Posted by: Patricia Salkin | October 2, 2015

ME Supreme Judicial Court Holds Variance Was Not Subject to Two-Year Expiration Period

Kay Loring owned a small parcel of land located in a residential area of the City of South Portland. Because of its size, the lot was nonconforming until 1973, when the City issued a variance that brought it into dimensional conformity. Based on the 1973 variance, in 2013 the City’s Building Inspector issued a building permit to Loring, authorizing her to construct a single-family house on her lot. Mary E. Campbell and Maureen and Edward Conroy (collectively, Campbell), who own nearby lots, appealed the issuance of the permit to the South Portland Board of Appeals, which affirmed the Building Inspector’s action. The Superior Court affirmed the Board’s decision. On appeal, Campbell argued that the evidence presented to the Board did not support its findings about the size of the lot and the existence of a variance; that the 1973 variance is no longer effective; and that the building permit is not lawful because the proposed development would exceed the density restrictions for that zoning district.

Because neither Loring nor her predecessors in title actually built on the lot within two years of the issuance of the variance in 1973, Campbell argued that the variance expired and was no longer in effect, Loring’s lot reverted to one that is treated as having an area of 4,703 square feet, and the Building Inspector therefore was without authority to issue the permit. However, the variance was only as to the size of the lot. Since section 27–302 did not apply to a dimensional variance, the two-year expiration period created in that provision was inapplicable. Campbell next argued that the building permit was improperly issued because the proposed permitted development on Loring’s lot will violate the density limitations prescribed in section 27–534 of the City’s ordinance. However, because Campbell did not properly present this challenge to the Board, it was not preserved for judicial review. Accordingly, the judgement of the Superior Court was affirmed.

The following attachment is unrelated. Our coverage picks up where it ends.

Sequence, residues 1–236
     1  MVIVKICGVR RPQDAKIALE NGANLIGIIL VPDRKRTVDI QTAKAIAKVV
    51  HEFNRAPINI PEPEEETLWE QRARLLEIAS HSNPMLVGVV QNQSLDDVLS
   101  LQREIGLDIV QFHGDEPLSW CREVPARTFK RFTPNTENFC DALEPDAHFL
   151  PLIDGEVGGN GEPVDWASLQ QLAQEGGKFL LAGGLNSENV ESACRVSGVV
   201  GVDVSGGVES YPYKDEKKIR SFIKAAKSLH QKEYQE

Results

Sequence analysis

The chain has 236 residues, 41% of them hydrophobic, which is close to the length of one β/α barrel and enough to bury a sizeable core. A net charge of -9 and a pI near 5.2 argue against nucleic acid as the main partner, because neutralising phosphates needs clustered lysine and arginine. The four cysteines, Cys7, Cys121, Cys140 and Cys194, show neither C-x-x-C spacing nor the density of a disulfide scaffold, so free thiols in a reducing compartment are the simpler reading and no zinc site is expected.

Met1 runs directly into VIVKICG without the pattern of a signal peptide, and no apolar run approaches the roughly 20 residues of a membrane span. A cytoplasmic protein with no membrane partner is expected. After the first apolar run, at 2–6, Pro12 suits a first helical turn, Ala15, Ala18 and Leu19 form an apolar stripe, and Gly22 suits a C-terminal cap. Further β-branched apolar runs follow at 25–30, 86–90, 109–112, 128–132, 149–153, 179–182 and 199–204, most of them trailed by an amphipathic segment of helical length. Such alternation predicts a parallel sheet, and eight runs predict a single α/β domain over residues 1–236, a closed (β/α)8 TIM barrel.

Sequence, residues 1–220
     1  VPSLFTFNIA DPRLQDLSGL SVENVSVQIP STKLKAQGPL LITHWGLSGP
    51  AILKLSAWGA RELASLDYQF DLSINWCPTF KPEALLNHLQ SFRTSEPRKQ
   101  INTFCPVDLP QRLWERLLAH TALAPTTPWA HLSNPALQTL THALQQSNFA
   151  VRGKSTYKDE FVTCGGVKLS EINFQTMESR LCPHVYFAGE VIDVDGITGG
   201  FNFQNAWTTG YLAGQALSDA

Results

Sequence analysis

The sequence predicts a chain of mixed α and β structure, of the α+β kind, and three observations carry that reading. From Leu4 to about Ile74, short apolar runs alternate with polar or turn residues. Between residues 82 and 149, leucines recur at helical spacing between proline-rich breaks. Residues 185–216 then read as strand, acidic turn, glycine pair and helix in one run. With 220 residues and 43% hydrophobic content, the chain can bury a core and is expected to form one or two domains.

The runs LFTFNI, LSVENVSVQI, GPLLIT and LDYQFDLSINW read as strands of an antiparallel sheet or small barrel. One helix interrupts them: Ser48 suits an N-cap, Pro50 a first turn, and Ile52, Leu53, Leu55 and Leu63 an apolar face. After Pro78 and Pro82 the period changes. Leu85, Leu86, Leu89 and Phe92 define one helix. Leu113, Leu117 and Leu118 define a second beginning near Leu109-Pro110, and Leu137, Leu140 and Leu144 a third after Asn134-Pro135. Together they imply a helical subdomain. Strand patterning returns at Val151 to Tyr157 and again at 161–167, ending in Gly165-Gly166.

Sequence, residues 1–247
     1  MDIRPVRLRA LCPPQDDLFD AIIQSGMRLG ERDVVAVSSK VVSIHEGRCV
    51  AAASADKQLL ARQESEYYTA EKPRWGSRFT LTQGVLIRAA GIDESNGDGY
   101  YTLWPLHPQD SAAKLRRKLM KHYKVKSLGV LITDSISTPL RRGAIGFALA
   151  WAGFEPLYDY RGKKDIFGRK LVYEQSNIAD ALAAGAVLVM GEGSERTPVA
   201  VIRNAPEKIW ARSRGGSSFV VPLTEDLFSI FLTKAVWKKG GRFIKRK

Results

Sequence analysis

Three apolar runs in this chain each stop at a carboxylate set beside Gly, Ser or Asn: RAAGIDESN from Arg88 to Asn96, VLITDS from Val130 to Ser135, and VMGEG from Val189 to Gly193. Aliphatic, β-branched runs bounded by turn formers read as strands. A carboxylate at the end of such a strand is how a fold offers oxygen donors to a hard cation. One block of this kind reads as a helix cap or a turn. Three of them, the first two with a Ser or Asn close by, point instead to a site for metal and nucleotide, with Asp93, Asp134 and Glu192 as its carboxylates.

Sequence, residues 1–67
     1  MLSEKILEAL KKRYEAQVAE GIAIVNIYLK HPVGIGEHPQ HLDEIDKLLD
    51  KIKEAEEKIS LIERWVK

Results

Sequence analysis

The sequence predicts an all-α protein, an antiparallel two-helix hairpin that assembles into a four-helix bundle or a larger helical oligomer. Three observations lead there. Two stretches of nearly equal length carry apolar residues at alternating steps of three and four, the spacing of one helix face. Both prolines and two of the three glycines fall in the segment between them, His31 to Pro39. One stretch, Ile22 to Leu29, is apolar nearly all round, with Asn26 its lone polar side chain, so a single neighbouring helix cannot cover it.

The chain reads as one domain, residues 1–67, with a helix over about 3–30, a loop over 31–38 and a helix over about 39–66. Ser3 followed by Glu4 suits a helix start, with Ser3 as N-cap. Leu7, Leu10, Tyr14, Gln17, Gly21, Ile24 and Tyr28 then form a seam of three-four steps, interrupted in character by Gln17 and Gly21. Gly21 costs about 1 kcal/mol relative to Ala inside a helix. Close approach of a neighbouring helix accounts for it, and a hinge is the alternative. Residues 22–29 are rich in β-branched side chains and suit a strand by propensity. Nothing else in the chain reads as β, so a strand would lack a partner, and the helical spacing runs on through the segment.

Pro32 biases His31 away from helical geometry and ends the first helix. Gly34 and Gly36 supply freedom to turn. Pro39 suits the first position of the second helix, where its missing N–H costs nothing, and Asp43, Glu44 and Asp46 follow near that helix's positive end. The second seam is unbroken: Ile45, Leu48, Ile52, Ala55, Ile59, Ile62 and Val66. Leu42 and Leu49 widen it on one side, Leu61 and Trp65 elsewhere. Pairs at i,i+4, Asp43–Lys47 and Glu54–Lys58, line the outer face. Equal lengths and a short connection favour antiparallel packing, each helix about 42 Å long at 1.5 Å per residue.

Campbell v City of South Portland, 2015 WL 5255482 (ME 9/10/2015)


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